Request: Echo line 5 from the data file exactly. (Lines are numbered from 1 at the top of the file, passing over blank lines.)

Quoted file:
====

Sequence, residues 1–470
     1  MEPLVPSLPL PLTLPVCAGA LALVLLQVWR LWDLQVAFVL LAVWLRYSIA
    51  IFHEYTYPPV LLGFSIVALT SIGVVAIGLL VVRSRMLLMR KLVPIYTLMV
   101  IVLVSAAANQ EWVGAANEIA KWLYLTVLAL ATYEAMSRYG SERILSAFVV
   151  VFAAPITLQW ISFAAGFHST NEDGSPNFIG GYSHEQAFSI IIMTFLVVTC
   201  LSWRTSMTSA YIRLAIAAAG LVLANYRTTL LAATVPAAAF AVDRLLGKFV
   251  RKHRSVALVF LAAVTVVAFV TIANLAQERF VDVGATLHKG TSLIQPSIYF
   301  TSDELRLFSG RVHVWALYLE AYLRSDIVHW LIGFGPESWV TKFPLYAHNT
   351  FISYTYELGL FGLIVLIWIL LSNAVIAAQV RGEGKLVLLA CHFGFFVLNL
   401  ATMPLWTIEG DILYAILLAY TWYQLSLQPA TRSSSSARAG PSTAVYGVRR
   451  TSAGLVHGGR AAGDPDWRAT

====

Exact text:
   151  VFAAPITLQW ISFAAGFHST NEDGSPNFIG GYSHEQAFSI IIMTFLVVTC